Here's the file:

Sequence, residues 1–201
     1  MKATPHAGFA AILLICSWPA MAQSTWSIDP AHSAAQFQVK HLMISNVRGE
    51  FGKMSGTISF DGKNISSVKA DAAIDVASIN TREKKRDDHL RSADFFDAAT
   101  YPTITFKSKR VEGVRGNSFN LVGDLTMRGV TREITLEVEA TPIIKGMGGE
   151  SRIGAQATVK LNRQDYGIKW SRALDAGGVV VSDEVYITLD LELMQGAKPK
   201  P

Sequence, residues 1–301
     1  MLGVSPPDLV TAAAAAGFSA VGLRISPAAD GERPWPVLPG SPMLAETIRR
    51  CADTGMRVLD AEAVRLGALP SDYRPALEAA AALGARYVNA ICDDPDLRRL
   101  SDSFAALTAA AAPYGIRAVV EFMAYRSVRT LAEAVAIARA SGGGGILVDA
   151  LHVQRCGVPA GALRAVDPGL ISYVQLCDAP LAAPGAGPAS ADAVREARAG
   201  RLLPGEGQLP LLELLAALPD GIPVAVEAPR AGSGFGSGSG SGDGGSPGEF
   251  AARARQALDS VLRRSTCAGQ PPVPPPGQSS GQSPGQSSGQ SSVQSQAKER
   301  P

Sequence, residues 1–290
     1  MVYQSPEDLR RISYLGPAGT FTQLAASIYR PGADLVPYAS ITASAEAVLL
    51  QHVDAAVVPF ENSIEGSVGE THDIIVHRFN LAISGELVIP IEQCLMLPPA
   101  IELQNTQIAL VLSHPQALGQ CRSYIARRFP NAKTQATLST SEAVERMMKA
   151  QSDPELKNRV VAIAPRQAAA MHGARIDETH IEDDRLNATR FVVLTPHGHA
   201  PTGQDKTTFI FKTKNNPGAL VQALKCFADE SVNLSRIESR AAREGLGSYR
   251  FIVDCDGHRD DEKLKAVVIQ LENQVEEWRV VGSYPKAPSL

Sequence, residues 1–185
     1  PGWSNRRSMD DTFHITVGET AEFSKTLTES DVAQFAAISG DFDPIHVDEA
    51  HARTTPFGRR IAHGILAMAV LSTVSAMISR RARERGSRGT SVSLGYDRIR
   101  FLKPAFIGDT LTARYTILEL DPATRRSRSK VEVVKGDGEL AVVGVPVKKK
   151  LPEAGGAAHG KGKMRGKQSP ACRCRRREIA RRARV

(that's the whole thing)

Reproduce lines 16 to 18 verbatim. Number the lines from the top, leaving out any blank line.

     1  MVYQSPEDLR RISYLGPAGT FTQLAASIYR PGADLVPYAS ITASAEAVLL
    51  QHVDAAVVPF ENSIEGSVGE THDIIVHRFN LAISGELVIP IEQCLMLPPA
   101  IELQNTQIAL VLSHPQALGQ CRSYIARRFP NAKTQATLST SEAVERMMKA